Kids deserve a top-notch education tailored to their needs. That’s why the Goldwater Institute helped make Arizona the leading state for education choice. In 2010, five Goldwater reforms became law, including education accounts for special-needs students, a school-performance rating system, ending of social promotion, expansion of charter schools, and new certification requirements so that experts in math, science, and other areas can teach their subjects without a teaching certificate from a college of education.
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I Doubt I CanPosted on July 20, 2003 | Type: Op-Ed
In The Little Engine That Could, a small train carrying toys confronts a seemingly impassable mountain. Try as they might, the toys cannot convince the Rusty Old Engine to say anything but "I can not." It is left up to the Little Blue Engine to overcome insurmountable odds and pull the train to the other side with its rallying cry, "I think I can--I think I can." Arizona desperately needs a Little Blue Engine of its own. This week's news revealed that 80 percent of eighth-graders failed proficiency exams in reading and writing. Instead of challenging that failure, Arizona's Rusty Old Education Engine is dropping expectations to a "more reasonable" level. Like the toys in the story, what children really need is to hop on a train that "can." School choice is the ticket.
Informe sobre becas en Florida apoya reforma propuesta para ArizonaPosted on June 24, 2003 | Type: Press Release
PHOENIX -- En un informe publicado el 11 de junio del aóo en curso, Jay P. Greene y Greg Forster, eruditos del Manhattan Institute, reportan que el programa de becas escolares McKay del estado de Florida ha merecido el apoyo deuna mayoría decisiva de padres de niños clasificados como "discapacitados en aprendizaje." Bajo elprograma McKay, las familias de niños clasificados así reciben becas que se pueden utilizar paramatricularlos en escuelas privadas.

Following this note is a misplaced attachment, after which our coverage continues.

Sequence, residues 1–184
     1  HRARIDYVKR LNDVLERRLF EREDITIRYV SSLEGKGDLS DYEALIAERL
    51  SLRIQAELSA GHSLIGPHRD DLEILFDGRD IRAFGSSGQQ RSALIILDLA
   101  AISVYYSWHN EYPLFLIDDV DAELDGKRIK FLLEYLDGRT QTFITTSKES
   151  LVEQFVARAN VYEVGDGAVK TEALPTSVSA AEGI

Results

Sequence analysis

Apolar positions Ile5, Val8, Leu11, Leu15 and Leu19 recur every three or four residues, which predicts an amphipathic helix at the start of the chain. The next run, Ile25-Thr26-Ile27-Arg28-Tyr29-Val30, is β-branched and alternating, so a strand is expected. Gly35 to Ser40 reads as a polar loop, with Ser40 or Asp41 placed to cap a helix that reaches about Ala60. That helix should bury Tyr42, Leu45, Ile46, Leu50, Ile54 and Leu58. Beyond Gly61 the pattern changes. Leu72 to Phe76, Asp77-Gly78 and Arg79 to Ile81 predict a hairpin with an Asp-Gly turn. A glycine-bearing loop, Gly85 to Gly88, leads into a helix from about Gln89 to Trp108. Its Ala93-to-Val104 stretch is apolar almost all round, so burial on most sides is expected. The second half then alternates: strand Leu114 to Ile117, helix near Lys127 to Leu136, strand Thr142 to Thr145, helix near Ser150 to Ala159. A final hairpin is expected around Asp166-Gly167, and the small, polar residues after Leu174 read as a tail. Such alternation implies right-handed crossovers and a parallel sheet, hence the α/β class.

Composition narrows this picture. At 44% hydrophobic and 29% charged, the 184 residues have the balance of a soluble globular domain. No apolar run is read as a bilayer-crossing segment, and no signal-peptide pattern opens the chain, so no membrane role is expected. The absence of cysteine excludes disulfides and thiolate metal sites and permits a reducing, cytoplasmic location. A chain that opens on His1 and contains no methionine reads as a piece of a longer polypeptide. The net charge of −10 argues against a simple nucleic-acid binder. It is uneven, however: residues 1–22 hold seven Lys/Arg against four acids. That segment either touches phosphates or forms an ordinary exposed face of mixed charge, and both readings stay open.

Tipping Point for School Choice: D.C. ReverberationsPosted on June 24, 2003 | Type: Op-Ed
In his recent bestseller, The Tipping Point, Malcolm Gladwell describes the magic moment when an idea, product, or trend achieves mainstream status. Cell phones, for example, "tipped" in 1998. Cellular technology and sales improved steadily throughout the 1990s, but it wasn't until 1998 that people realized the phones were everywhere.
Memo: Sanders Responds to CrowPosted on June 16, 2003 | Type: In the News
Thank you for forwarding Dr. Crow's criticisms to me. I certainly join him in encouraging debate on these matters. Without question, we need "to discuss the strategy, means, and logic by which investment in higher education will be made." To that end I am interested, as I'm sure you are, in learning more about his "enterprise model of investment."
Goldwater Researcher: Findings Hold on Higher Ed StudyPosted on June 16, 2003 | Type: Press Release
On May 12, 2003, the Goldwater Institute released "Does Spending on Higher Education Drive Economic Growth? 20 Years of Evidence Reviewed," by Jon Sanders, higher education policy analyst for the John Locke Foundation.